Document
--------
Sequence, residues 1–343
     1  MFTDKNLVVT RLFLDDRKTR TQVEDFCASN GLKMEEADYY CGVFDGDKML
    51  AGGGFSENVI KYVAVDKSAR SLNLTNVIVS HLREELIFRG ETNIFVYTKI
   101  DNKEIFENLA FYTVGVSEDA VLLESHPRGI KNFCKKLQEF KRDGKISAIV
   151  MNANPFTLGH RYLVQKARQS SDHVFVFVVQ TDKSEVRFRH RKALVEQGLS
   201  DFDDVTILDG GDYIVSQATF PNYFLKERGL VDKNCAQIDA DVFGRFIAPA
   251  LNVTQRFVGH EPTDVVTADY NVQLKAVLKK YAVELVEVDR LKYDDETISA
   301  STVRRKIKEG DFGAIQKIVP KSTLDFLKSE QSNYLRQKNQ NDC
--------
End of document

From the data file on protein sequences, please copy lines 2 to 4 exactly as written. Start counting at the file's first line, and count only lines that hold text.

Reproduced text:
     1  MFTDKNLVVT RLFLDDRKTR TQVEDFCASN GLKMEEADYY CGVFDGDKML
    51  AGGGFSENVI KYVAVDKSAR SLNLTNVIVS HLREELIFRG ETNIFVYTKI
   101  DNKEIFENLA FYTVGVSEDA VLLESHPRGI KNFCKKLQEF KRDGKISAIV